Monday, September 12, 2016

HF Installation Nearly Complete

Radio Layout
I spent a large part of this past weekend installing HF radio equipment in my truck. I had already completed my Kenwood UHF/VHF install, so HF was all that was left. I pulled my trusty Yaesu FT-857D out of its case along with the accessories and went into install mode.

The biggest decision was where to locate the HF antenna. I did not want to put it at the front of the truck as it would be an obstruction. The top of the truck was out of the question (although the top of the cab would make the best ground plane) due to height. So that left the side or rear of the truck. I had no desire to put a large hole in my truck, so I opted for mounting the antenna on the bed rail. I will outline full details of my install in a later blog. But for now, I was looking to set up the interior. Even though I have a large truck, there is actually very little room in the cab for mounting ham stuff. I try to avoid airbag paths so that even narrows my availability even more. I also wanted a location as discrete as possible, too. 

Mount Side View
I mounted most of the equipment on the passenger front side of the truck. My wife is already used to the encroachment of my equipment on her side. The equipment is mounted in such a way (as seen in the photos) that it really does not bother her. As seen, our truck has four cupholders in the front so I took over two of them. I mounted the Yaesu FT-857D on a bracket that allows me to adjust it when the cupholders are in use. It also allows me to adjust it in such a way to make it comfortable operating from either front seat. The antenna controller sits just above the Rigrunner and is within reach of the driver seat. I would not classify this as a temporary location but if it works out here, they can stay or they can easily be moved. Since I have one power source coming into the cab feeding the Rigrunner, it makes short work of powering all that I'll be running. 

I'm pleased with the amount of noise that I have with my diesel but I feel that I can alleviate more with better grounding. The Noise Blanker takes out most but some bands are worse than others. In looking through my stash of ham stuff, it seems I haven't any ground straps. So, those should arrive later this week. I also ordered a smaller microphone adapter cable as the one that came with the separation kit was about as long as my truck. Apparently, most people must mount these in vehicles and in their trunks? But for now, I'm can operate mobile and the only things left to do is work on some grounding and make a new cable for my key.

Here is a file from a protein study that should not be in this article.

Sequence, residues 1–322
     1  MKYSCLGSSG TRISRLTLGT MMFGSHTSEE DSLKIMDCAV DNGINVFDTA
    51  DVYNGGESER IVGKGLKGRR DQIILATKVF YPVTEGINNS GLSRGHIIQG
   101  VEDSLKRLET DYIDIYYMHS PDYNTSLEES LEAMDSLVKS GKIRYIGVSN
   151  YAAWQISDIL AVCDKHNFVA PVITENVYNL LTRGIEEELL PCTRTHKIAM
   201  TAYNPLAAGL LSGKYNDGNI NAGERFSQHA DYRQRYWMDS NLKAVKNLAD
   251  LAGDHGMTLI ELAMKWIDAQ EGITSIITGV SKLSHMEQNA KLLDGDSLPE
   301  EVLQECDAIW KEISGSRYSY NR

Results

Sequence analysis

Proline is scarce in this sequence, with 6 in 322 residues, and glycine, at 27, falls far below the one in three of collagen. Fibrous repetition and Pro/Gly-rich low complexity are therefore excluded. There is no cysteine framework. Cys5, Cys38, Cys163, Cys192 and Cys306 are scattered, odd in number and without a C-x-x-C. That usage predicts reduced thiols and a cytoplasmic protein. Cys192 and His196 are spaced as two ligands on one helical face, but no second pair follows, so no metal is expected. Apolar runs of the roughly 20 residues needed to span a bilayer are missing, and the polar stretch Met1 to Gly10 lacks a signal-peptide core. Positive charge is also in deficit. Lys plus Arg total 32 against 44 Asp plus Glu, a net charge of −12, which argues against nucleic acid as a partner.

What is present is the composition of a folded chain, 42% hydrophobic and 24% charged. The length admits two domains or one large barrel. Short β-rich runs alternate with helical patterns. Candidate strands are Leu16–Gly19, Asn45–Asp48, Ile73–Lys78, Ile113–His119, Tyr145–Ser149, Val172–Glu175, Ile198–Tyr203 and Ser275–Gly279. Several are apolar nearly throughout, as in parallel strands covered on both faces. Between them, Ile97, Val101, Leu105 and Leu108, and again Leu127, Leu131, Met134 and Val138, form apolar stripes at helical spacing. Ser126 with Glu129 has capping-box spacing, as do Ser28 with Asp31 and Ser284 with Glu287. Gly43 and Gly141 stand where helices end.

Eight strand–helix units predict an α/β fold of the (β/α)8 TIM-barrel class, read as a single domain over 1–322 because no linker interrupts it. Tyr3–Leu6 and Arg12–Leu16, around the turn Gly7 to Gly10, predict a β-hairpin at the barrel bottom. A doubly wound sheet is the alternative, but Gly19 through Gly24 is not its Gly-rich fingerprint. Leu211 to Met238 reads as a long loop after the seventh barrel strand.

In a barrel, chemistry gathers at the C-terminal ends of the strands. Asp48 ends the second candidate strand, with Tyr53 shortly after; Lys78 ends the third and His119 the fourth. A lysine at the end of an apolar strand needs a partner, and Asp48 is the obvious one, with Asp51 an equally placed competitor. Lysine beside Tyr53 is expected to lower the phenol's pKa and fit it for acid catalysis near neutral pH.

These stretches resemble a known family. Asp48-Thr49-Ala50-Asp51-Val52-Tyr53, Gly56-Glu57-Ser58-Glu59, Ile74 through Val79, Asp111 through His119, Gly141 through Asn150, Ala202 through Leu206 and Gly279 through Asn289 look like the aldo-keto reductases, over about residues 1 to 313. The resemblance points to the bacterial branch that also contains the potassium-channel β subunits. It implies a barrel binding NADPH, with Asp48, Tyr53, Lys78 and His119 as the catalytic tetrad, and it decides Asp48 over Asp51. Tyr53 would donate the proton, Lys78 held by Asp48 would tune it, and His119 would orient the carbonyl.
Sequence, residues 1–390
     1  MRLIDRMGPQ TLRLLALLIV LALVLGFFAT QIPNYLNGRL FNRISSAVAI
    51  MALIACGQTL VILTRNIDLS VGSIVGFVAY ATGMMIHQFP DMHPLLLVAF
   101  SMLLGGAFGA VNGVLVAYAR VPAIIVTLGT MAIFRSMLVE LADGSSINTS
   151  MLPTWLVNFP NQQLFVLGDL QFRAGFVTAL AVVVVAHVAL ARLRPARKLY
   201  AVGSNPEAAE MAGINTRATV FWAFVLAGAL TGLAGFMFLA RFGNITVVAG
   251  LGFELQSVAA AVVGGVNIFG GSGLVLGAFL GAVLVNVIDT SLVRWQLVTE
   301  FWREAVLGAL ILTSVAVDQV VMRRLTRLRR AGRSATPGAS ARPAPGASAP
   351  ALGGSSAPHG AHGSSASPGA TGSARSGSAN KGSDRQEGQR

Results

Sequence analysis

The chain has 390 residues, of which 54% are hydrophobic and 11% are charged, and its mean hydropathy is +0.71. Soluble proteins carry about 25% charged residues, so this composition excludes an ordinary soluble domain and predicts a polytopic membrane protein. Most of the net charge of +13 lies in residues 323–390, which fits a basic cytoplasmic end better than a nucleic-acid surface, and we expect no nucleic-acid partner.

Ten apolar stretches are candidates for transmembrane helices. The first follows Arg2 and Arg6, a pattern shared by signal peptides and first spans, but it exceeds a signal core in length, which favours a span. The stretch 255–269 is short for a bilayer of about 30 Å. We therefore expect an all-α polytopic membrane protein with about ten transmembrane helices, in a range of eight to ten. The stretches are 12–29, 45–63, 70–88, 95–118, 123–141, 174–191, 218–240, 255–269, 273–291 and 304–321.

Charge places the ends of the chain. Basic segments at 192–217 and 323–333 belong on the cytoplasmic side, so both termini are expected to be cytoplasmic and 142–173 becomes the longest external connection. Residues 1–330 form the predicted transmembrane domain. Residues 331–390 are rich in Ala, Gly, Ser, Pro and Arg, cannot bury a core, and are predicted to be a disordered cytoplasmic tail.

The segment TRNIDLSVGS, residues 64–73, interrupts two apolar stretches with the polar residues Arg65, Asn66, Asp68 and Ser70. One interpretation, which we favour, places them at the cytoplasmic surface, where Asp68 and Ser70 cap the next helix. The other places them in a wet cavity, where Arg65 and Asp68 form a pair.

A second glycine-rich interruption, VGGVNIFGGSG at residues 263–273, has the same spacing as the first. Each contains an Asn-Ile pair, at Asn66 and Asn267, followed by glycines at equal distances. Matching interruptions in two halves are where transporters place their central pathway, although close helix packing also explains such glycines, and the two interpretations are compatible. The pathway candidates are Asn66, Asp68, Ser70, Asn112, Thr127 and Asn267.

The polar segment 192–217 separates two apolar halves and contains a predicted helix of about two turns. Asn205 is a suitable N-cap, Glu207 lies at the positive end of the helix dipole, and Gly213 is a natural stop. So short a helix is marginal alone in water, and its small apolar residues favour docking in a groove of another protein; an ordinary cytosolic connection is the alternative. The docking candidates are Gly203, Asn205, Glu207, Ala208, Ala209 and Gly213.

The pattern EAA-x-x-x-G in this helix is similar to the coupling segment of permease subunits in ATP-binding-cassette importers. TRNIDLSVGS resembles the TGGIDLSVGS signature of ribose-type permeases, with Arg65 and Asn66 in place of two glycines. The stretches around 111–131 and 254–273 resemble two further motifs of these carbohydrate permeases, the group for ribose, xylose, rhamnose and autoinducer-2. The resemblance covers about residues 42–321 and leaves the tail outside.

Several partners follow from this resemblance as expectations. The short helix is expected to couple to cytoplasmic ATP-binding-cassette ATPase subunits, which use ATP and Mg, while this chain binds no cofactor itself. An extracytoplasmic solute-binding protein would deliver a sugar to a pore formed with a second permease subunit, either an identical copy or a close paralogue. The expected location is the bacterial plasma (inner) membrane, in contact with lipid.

Monday, September 5, 2016

Labor Day Rig Installation

Antenna Installed
Took advantage of the US Labor Day Holiday to finally install my Kenwood dual bander & APRS equipment. Since my old truck was similar to my new truck, the install was pretty much the same with only a few challenges and changes. I had less room in the engine compartment to wiggle my hands into but it all worked out in the end. Once in the cab, a bit of spousal assistance got the job done. It was not long before I had power to the radio and I was actually hearing stations. My last broadcast on APRS was in February, so it had been awhile. 

Copilot Side
I wanted to tuck as much as possible out of the way and the photo to the right shows how I chose to install my equipment. The power comes in from the battery and first runs into my APO3, which automatically powers down my equipment so I don't kill my battery. From there, it feeds into my RIGrunner 4005 fused distribution box. This is the main power feed for anything in the truck. Using Anderson Powerpoles makes quick connections of anything that I have in the cab. I have one 25 amp fused connection left for my HF rig.

From the Driver Seat
My internal layout is a bit different only because I have Upfitter switches and onboard navigation. I did not want to block either one. My sacrifice was two of the four cupholders in the front center console. No big deal as these just normally collect loose change and dust anyhow. I run an older Garmin GPS III as it feeds data to the Kenwood in NMEA format. I also like it as it does Maidenhead Grid Squares so it's pretty simple to know my grid if needed. This is also powered by the RIGrunner. Everything is in view and after passing the spouse test, it's here to stay. When it comes time to install my HF rig, that will be installed on the driver side of the center console similar to the Kenwood seen in these photos. Just not sure where I'll mount the remote head as of yet. 

One of the biggest things I try to keep in mind with any install is, of course, airbag deployment. I hope to never experience that in our truck, but any piece of equipment can become a deadly projectile if mounted in the path of any airbag.